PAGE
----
# 1D Elastic Collision in CM frame

1. Jan 11, 2016

### stfz

Hi all,
I've been self-studying a first year uni introductory mechanics course, and I'm confused with the derivations involved in calculating the final state of an elastic collision in one dimension, given the initial state.
So basically we have masses of m_1, m_2 with initial velocities v_1i, v_2i respectively that collide elastically.
The method I'm trying to understand is to use transformations to get into the CM frame.

Transforming initial velocities into the CM frame:

Given that momentum is conserved in the inertial coordinate frame (using the impulse approximation, we're assuming that CM frame is inertial... My first question - can someone explain why we can assume that CM frame is inertial? Is this because net force is reckoned equal to force of collision, which is an internal force?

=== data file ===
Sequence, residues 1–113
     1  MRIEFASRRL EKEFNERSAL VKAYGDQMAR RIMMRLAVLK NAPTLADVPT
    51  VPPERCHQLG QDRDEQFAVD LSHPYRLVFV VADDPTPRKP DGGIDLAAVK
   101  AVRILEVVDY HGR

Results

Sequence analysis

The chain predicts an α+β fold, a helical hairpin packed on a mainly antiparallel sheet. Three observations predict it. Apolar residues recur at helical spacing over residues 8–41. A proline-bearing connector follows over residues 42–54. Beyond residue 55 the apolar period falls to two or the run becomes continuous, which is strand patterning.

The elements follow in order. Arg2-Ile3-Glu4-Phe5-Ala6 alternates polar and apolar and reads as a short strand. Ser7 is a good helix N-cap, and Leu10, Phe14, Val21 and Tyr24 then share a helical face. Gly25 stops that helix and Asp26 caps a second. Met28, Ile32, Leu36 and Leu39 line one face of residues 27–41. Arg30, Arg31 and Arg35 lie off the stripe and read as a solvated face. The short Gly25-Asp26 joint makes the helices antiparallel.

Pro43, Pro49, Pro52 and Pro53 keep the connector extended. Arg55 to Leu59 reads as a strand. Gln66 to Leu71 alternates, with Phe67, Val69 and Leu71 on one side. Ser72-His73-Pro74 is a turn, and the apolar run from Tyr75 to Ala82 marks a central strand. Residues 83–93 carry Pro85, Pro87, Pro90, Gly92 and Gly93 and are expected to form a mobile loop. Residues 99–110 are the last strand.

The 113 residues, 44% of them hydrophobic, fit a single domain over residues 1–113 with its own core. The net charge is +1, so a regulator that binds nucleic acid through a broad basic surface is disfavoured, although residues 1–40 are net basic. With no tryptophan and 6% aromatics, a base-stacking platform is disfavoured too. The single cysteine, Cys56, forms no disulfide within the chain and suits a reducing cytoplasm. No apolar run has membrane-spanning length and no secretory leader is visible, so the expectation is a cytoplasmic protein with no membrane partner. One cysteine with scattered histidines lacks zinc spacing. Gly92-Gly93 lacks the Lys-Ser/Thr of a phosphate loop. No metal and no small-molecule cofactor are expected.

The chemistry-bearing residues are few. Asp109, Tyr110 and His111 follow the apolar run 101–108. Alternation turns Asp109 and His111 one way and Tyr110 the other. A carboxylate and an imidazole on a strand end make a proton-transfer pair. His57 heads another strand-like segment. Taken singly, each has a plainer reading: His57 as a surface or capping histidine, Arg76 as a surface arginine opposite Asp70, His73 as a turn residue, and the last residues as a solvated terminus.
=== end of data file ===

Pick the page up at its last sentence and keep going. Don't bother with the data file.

I.e. momentum conservation in the CM frame.
Now the next step I don't get:

I'm assuming that $p'_i = p'_{1i}+p'_{2i}$ and similarly $p'_f=p'_{1f}+p'_{2f}$.
And $p'_i=p'_f=0$. But how can we state that $p'_i = p'_{1i}=-p'_{2i}$, etc. in the above. If my assumption was wrong, what are $p'_i, p'_f$ defined as?

2. Jan 11, 2016

### Andrew Mason

Yes. This is just an application of the first law: the assumption is that there are no external forces on the system.
$p'_i= p'_f=0$ applies in the CM frame. $p_f = p_{1f} + p_{2f} \ne 0$ and $p_i= p_{1i} + p_{2i} \ne 0$ applies in the observer frame. The prime (') should be used to designate the CM frame.

AM

Last edited: Jan 11, 2016
3. Jan 11, 2016

### PeroK

What he's done is not what you assumed. He's defining $p'_i$ to be $p'_{1i}$. I can't really see a good reason to introduce another term for this momentum here, but that's what he's done. Just to emphasise that $p'_{1i} = - p'_{2i}$, perhaps. In any case, it's not the total momentum he's defined, as you assumed.